Kitchen design has reached a new level of integration. The quiet incorporation of the kitchen into the home’s primary living and entertaining rooms provides homeowners with far more flexibility in their lifestyles. The incorporation of integrated and concealed appliances allows the kitchen to enhance rather than intrude into other spaces. Clean structural lines coupled with sleek color palettes enable the space to establish a distinctive identity, without overpowering the surrounding rooms.
A new element added to many kitchens is a beverage station. This area is usually comprised of an undercounter refrigerator and wine refrigeration, as well as a coffeemaker, which can be as varied as the homeowners using them, ranging from simple single-pot coffeemakers to larger units capable of espresso, latte, and cappuccino. This functional destination within the kitchen typically houses stemware, coffee cups, silverware, cream, sugar, tea and may sometimes have a smaller bar area.
Shapes, actual and implied textures, along with the placement of fixtures are being used to create scale. The overall composition of kitchens and baths is being defined by a sense of scale, which is both functional and visually appealing. An irregularly textured pebbled wall, marbled surface in glass tile, reflective metallic material, or symmetrically hung pendant lighting directs the eye around the room and contributes to a balanced space. Distinctive wall coverings, tin ceilings and the implied texture of a pronounced wood grain are all stand-out details that are being seen as contributors to the balanced scale of current designs.
Bold colors are creating a vibrant splash in room palettes for 2010, with rich blues, purples, greens, and citric yellow making their confident appearance in kitchens and baths. Colors exuding emotion, acting not merely as a passive backdrop for the room, but bringing life through lighting, wall colors, and wood tones, are profoundly impacting the most innovative designs. Colors from nature combined with others more synthetically blended, are inducing a feeling of movement and motion throughout the room through sharp contrasts.
Rounded organic shapes can be seen in the edge of a counter or island top, an arch over an entryway or cooking hearth, the curved lines of a light fixture, and well-placed, space-defining soffits. Softer geometry is showing up with fortitude in contemporary and traditional designs alike. The introduction of rounded islands and countertops carves a smooth-flowing traffic pattern throughout the room, while an appropriately placed arch will bring an overall softening to the more angular fixed features that are typical in kitchens and baths.
6. Space Subtleties
Designers are bringing artistic details to new heights. A seemingly simple detail, such as the use of a soffit along the ceiling or a width of wall space surrounding inset cabinetry, can call out the item being framed as a focal point while also providing visual balance to the room. The thickness of a countertop edge outlined by a higher countertop acts to highlight a unique material used in the surface. Balance in design is achieved not only by the use of simply symmetry. Portions of a room can be treated as a piece of art, with a frame indicating its presence.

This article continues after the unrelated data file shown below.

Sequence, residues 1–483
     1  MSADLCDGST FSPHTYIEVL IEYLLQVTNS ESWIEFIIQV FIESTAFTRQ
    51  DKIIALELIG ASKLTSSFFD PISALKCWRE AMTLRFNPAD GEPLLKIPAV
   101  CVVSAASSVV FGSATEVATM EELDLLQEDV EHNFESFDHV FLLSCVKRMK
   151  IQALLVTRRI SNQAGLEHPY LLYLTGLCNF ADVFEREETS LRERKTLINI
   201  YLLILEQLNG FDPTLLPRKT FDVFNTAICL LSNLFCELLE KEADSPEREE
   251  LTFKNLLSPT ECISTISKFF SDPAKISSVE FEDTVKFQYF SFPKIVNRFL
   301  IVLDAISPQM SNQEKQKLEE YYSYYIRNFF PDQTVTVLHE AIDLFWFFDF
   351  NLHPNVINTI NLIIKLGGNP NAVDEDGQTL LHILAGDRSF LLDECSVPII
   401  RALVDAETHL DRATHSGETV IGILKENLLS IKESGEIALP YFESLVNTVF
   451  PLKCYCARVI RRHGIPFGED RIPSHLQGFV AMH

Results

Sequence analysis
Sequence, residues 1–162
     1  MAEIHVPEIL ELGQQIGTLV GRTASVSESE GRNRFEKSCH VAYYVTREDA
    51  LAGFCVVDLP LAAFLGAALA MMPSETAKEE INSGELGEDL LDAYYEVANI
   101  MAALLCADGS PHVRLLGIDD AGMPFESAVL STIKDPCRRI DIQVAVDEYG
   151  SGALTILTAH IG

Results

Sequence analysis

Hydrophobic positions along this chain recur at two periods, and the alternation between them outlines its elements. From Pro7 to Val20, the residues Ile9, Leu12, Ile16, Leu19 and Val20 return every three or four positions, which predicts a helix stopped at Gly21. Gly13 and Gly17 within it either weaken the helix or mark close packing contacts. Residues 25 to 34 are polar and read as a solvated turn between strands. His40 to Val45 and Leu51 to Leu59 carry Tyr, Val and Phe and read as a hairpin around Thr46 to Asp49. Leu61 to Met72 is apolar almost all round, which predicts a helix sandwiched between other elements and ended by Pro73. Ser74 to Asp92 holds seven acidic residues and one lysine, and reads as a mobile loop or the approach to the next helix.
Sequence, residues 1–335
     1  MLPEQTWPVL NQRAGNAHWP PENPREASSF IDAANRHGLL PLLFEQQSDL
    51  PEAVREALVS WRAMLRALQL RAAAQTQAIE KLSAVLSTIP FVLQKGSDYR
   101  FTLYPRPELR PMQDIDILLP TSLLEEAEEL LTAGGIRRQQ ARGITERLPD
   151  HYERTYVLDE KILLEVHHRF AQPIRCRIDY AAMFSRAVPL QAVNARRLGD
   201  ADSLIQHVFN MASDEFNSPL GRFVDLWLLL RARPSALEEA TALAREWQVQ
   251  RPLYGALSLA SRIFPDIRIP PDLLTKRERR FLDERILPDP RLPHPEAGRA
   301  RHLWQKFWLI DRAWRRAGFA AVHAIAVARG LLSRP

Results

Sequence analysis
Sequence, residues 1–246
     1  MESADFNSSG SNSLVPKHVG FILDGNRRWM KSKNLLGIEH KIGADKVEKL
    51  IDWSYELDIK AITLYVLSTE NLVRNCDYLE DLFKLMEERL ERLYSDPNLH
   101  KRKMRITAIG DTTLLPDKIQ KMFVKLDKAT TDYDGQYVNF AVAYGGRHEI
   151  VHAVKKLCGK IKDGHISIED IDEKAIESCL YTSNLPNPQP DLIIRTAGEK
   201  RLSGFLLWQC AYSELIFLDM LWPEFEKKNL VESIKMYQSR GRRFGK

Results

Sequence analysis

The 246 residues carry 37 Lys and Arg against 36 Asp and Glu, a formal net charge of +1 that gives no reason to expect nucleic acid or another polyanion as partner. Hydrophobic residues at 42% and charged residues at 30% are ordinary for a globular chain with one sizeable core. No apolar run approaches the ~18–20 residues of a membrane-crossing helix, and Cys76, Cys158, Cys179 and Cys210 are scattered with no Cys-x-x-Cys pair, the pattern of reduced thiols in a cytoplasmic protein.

Island tops, countertops, and partial walls are being customized to the task performed there and to the needs of the homeowners. Pairing lower desk and prep areas with higher breakfast bar surfaces provides convenient task-specific spaces, which fosters a greater level of family interaction within the kitchen. In the bathroom, this design concept not only provides function, but balances the space. Varying heights seen in the edge of a wood bar top or granite countertop serve as a beautiful counterbalance.
The impact of Japanese design can be seen very subtly in clean lines, open spaces, and neutral color palettes with bold splashes of color in select areas. More apparent Japanese influence is showing up in designs across North America, relying often on one strong anchor piece of Japanese origin. Artwork, Japanese antiques, and the traditional qualities of Japanese culture are at the core of some compelling kitchen and bath designs. The cultural effects seem not only to be additions or decorations to the design, but are deeply embedded as a primary ingredient.
An intense level of personalization in kitchen and bath design is taking different forms. The introduction of a favored piece of art—perhaps a framed painting or an antique sculpture—as the basis for a design creates challenges, but also offers guidelines and solutions to color and material choices, as well as selections of theme. As artwork itself is personal to the owner, this presents an immediately intimate quality to the space. This method of integration allows the designer to fold all other aspects of the room around the treasured piece.